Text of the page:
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This 'big oil' company's commercial about an egg brings to life one of the greatest essays on free enterprise ever written


"Have faith that free men and women will respond to the Invisible Hand. This faith will be confirmed."

For those unfamiliar with free marketeer Leonard Reed and his simple but profound essay, "I, Pencil," an advertisement by a leading oil company is a visual testament to its power.

Like "I, Pencil," which follows the seemingly simple but actually remarkably complex creation of a pencil, the following Exxon commercial traces the steps that bring the eggs you eat for breakfast to your stove and allows you to boil them -- a thoughtless task enabled by a complex supply chain stemming from the harmonious actions of millions of people across the world, calibrated by the price system, organized spontaneously through the free market.

From procuring gas and transporting it, to packaging and boiling eggs, not to mention creating the machinery that enables such actions, the processes that bring the modern luxuries that we so take for granted are elegantly illustrated in the below video:

As free market professor Donald Boudreaux writes of the video at Cafe Hayek:

It cannot be said too often: our modern world, although not perfect, works so incredibly and so consistently well for the great majority of people that we take the marvels of our daily lives for granted.  These marvels are nearly all the product of unplanned human cooperation that spans the globe and involves the creativity and efforts of literally hundreds of millions of people.  A distinguishing feature of this marvelous market-created world of ours is that not only do you not know how to make any of the individual goods and services that you consume, but no one knows how to make any of these things.  With rare exceptions (almost all involving intimate personal services such as massages), everything that each of us moderns consumes daily requires the knowledge and information possessed by multitudes of strangers – knowledge and information that is not and cannot possibly be contained in a single mind or place.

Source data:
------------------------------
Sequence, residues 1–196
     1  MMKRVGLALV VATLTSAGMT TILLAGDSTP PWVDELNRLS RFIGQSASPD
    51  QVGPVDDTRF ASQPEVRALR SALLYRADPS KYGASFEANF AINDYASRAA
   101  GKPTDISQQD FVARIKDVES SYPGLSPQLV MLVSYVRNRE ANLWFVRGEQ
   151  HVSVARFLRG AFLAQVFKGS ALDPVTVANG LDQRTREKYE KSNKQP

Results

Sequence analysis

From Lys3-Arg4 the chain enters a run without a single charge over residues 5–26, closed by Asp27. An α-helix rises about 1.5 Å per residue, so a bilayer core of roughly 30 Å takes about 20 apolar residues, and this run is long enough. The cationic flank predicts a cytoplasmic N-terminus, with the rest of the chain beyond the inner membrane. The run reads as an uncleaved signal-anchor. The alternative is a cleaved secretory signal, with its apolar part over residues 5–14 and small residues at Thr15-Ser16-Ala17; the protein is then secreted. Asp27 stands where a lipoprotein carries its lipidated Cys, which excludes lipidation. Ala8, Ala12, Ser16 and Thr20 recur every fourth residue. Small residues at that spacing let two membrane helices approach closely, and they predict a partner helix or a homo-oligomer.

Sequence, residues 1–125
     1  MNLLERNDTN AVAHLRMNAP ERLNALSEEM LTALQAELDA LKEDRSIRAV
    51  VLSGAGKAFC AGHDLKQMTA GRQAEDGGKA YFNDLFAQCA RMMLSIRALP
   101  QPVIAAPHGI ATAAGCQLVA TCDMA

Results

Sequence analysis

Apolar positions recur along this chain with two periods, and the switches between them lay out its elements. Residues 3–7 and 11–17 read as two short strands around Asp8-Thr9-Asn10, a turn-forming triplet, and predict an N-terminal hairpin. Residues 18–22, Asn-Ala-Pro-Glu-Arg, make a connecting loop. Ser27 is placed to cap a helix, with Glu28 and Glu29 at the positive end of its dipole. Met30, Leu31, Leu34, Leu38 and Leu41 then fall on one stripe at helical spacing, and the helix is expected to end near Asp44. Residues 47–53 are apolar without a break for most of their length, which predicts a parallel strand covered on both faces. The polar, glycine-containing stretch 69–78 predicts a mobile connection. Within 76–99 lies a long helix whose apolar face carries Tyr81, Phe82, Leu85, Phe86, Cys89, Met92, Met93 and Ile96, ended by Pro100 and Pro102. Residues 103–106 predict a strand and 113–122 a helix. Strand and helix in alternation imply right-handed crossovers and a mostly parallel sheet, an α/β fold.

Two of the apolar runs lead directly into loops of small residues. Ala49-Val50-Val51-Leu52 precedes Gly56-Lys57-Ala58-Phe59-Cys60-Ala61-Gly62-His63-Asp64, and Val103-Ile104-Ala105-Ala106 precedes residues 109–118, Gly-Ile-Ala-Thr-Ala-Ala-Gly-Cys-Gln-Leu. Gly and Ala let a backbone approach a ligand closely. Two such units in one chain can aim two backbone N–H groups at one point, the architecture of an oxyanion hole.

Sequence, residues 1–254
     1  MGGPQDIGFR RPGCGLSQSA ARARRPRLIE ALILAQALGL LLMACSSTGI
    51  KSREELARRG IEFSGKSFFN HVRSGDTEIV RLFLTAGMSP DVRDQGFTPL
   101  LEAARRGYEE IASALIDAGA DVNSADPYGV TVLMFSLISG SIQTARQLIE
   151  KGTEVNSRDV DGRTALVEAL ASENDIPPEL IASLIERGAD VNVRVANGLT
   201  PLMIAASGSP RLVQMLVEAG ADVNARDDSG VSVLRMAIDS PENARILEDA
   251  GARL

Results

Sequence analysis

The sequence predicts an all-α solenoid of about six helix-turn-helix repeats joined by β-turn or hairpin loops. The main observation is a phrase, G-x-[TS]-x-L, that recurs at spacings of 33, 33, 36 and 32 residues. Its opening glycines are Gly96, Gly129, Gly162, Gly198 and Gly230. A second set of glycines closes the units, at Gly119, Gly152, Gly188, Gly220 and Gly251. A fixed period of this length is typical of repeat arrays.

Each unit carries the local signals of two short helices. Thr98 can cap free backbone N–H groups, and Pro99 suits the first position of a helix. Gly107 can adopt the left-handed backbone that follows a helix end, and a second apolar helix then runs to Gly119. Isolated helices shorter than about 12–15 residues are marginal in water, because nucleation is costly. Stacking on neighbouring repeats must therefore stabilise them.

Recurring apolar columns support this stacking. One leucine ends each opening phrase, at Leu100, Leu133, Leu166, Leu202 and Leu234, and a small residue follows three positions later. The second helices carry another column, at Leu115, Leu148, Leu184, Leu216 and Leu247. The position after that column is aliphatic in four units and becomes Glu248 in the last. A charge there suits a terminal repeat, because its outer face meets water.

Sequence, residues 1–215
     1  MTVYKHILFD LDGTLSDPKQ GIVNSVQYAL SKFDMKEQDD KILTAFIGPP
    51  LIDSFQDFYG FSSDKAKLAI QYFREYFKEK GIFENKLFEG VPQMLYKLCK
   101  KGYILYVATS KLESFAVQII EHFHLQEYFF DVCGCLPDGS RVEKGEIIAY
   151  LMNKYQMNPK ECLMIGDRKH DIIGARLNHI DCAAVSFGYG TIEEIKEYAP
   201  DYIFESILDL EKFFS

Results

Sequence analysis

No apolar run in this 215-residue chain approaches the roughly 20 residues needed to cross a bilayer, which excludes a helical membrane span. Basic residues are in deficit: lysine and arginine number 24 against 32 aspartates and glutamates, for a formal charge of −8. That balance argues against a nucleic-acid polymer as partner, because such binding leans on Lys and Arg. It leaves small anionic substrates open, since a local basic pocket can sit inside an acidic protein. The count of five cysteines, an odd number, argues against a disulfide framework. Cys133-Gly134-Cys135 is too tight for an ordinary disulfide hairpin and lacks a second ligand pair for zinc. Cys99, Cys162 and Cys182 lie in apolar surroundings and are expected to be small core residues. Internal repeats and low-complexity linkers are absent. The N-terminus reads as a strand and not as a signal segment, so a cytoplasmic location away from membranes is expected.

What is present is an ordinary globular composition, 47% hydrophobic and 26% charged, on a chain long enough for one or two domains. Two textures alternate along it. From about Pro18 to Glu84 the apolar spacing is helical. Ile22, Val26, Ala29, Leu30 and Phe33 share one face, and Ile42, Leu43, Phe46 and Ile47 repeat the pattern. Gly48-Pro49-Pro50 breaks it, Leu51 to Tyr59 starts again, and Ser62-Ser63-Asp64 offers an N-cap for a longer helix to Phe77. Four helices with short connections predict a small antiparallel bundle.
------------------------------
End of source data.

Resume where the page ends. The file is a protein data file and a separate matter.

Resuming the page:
Here is how Leonard Reed concludes his, "I, Pencil":

The lesson I have to teach is this: Leave all creative energies uninhibited. Merely organize society to act in harmony with this lesson. Let society's legal apparatus remove all obstacles the best it can. Permit these creative know-hows freely to flow. Have faith that free men and women will respond to the Invisible Hand. This faith will be confirmed. I, Pencil, seemingly simple though I am, offer the miracle of my creation as testimony that this is a practical faith, as practical as the sun, the rain, a cedar tree, the good earth.

(h/t: Cafe Hayek)

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